Rocko rap tune “U.O.E.N.O.” featured lyrics from Rick Ross that were widely seen to condone the drugging and raping of women. It led to protests against Reebok, which had a promotion deal with Ross, as well as a call for the licenses of radio stations that played the song.
Reebok, in response to pressure from women’s organizations, has terminated its relationship with Ross.
Ross initially tried to say that he said nothing inflammatory and that his words were being misinterpreted. That likely only made matters worse for him.
Clear Channel’s WWPR-FM New York also received special attention: Rap Rehab Founder and PTC Advisory Board Member Paul Porter said, “I am sure that ‘date rape’ is unacceptable in the workplace for the more than 20,000 people that Clear Channel Communications employs. So that same standard should be applicable to the audience that Power 105 in New York is licensed to serve. Responsibility should have no boundaries.”
Ross has now attempted to come clean with a strong apology, and even used his real name, William Roberts, when he signed it. He said, “Before I am an artist, I am a father, a son, and a brother to some of the most cherished women in the world. So for me to suggest in any way that harm and violation be brought to a woman is one of my biggest mistakes and regrets. As an artist, one of the most liberating things is being able to paint pictures with my words. But with that comes a great responsibility. And most recently, my choice of words was not only offensive, it does not reflect my true heart. And for this, I apologize. To every woman that has felt the sting of abuse, I apologize. I recognize that as an artist I have a voice and with that, the power of influence. To the young men who listen to my music, please know that using a substance to rob a woman of her right to make a choice is not only a crime, it’s wrong and I do not encourage it. To my fans, I also apologize if I have disappointed you. I can only hope that this sparks a healthy dialogue and that I can contribute to it.”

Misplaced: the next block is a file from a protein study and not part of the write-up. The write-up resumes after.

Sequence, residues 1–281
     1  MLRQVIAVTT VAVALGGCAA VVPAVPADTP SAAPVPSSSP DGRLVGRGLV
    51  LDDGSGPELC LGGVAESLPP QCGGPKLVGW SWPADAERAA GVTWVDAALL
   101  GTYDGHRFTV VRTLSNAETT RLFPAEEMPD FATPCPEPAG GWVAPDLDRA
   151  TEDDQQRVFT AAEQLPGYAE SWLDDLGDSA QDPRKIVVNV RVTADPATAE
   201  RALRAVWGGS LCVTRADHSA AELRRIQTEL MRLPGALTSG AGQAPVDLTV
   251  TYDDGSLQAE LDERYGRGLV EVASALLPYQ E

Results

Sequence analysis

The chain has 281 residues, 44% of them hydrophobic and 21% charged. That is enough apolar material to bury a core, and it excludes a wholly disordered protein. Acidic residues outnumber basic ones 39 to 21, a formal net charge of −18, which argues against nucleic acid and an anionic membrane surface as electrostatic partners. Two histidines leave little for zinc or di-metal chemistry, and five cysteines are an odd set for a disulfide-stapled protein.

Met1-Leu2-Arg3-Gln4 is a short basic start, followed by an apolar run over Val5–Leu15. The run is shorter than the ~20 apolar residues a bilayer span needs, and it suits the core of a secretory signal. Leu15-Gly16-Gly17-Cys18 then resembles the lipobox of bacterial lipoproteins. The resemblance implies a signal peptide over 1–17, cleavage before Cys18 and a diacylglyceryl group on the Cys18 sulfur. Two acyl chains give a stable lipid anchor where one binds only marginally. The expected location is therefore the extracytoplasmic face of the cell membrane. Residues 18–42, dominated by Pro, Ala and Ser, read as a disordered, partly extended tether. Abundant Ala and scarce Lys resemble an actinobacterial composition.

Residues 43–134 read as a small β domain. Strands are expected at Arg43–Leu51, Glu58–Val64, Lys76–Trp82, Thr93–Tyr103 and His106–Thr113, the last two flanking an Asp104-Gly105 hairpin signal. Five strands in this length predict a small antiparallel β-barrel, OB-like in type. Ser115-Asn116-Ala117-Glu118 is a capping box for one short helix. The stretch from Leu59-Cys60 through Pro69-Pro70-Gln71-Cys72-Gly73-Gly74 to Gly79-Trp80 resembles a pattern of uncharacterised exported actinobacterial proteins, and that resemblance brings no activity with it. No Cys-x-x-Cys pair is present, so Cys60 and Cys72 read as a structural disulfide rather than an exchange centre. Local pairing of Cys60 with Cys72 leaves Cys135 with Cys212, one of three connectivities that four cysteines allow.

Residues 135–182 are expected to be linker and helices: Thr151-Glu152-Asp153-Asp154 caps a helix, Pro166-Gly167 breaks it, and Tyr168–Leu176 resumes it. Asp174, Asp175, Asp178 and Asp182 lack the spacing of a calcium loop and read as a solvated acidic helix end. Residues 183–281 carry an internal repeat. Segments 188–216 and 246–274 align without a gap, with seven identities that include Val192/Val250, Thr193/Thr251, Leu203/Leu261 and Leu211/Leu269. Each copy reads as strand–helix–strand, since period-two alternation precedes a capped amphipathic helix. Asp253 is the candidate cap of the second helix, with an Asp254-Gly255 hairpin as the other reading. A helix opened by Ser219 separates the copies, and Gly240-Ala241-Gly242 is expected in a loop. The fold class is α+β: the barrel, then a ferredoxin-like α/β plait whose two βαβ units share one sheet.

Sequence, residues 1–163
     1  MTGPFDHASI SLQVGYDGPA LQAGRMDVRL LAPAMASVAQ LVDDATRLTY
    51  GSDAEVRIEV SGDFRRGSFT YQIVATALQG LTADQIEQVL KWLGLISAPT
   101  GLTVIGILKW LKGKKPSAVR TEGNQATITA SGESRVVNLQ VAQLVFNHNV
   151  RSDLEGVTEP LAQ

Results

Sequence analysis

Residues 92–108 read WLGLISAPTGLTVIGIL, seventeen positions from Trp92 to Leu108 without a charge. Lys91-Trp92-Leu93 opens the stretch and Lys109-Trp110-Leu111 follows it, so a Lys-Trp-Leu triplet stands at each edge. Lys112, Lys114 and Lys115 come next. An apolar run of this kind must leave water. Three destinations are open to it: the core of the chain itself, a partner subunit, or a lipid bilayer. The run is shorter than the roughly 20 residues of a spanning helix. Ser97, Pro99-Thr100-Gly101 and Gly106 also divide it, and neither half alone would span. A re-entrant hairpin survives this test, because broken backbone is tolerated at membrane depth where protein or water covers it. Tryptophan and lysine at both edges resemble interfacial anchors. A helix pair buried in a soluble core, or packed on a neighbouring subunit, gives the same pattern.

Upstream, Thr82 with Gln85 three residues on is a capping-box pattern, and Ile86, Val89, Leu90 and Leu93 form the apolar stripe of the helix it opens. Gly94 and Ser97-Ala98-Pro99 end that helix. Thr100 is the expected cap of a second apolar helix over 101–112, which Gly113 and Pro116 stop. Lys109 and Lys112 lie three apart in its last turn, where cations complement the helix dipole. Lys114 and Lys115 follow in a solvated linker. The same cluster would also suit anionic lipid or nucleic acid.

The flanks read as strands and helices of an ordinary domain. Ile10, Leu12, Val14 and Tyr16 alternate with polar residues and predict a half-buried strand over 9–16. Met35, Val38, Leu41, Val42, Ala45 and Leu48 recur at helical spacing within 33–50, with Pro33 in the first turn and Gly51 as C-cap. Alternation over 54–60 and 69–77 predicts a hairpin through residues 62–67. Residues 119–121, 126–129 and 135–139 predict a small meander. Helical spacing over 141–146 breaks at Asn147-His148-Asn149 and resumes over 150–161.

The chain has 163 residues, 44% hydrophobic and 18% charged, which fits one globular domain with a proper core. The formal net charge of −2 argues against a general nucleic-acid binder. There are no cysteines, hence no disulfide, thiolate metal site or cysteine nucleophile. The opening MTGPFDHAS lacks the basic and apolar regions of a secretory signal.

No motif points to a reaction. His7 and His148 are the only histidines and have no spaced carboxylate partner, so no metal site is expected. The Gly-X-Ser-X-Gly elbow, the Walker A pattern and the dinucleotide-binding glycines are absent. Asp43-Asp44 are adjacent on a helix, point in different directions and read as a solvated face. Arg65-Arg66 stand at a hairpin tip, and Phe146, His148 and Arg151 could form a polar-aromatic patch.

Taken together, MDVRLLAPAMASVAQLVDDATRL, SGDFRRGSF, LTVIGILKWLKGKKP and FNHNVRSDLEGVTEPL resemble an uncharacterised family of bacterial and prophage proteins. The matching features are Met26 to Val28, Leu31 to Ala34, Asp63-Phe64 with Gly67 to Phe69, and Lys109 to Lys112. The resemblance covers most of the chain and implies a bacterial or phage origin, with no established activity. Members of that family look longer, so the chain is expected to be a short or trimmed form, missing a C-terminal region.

RBR-TVBR observation: The indecency rules do not prohibit incredibly ugly content. This is a price of freedom of speech that most of us are aware of and respect, in part because we know that living in a society that includes a class of content police would be completely unacceptable.
That said, there is no right to airplay.
Reebok did not ask Ross to write his objectionable lyrics, and it got splattered by the backlash.
Any radio station that played this song is far more deserving of a public shaming, since it supposedly knew what it was putting on the air. But that’s just one opinion, and it doesn’t give anybody the right to rescind the station’s license on an indecency charge.